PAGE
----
Making new friends as an adult pretty much sucks.
In high school and college you are pushed into new situations with a bunch of other people that are new too. Then you go to class, clubs, and sporting events and just meet people as you go. Suddenly they are your best friends and you can’t imagine life without them.
But what happens when you move somewhere new and there’s no classes to go to? Moving can be such a lonely thing, especially if your spouse isn’t around much.
Nobody knows this better than a military spouse.
In addition to the difficulty of making friends, there is also that nagging voice in the back of your mind constantly asking if it is even worth it. What if you meet someone and invest in a friendship only for one of your to move away sooner than expected? Is making friends really worth it when you are 99.9% guaranteed to have to say goodbye in the next couple years?
Yes. It really truly is. I promise.
This life comes with a lot of uncertainty, a lot of change, a lot of highs and lows, and just a lot of things that are hard for anyone to comprehend if they haven’t lived it. Having someone to vent to, someone to help you out at a moment’s notice with no hesitation, someone to just be there and understand is absolutely priceless. And it’s worth all the effort. It’s worth saying see you later when PCS time rolls around. Nope, it’s not easy, but it is so very very worth it.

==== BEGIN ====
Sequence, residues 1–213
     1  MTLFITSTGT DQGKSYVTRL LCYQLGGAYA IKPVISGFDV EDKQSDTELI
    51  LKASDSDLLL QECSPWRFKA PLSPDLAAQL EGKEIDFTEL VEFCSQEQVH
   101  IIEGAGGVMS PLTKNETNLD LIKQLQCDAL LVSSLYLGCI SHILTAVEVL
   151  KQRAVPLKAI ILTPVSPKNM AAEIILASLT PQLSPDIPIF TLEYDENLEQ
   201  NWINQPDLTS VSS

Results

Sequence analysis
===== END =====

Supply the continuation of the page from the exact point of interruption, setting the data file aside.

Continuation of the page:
When Charlie was in the National Guard it was incredibly lonely and isolating for me at times. I didn’t know any of the spouses and there was no real support network. He was activated to help when Hurricane Harvey struck Texas and I was home alone, very pregnant, and not sure what was going on. I was only two miles down the road from my in-laws so I had that safety net. But what I wanted more than anything was a friend to come over and eat dinner with me. A friend to watch TV with. Someone who knew what it was like to be the one sitting at home waiting.
When we found out Charlie would be going back to active duty I promised myself that I was going to put myself out there and meet people. It is daunting, to say the least, to be the new kid and try to make friends. But I received such a warm welcome and I have met some truly great people.
For the first time in a long time I’m not lonely.
When I was supposed to run a half marathon and Charlie coincidentally got 24 hour duty that same day, my new friends stepped in with offers to babysit so I could go run.
When I got sick and couldn’t do the race, the offer to watch Oliver was still on the table so I could get some rest.
It is such a relief to have a support network that you know you can fall back on if you need to. It is even better to know that your support network has been there and gets that your plans could very easily change at the last minute. Maybe even a few times. Because they live it to.
So MilSpouse, if you are asking yourself if making friends at your new duty station is even worth it…the answer is yes. Over and over and over the answer is yes. Make good friends and be a good friend. This MilSpouse family is incredible and will make your life so much richer.
(Hey guess what! Next week we are going to talk about how to make friends as a military spouse…so stay tuned for that!)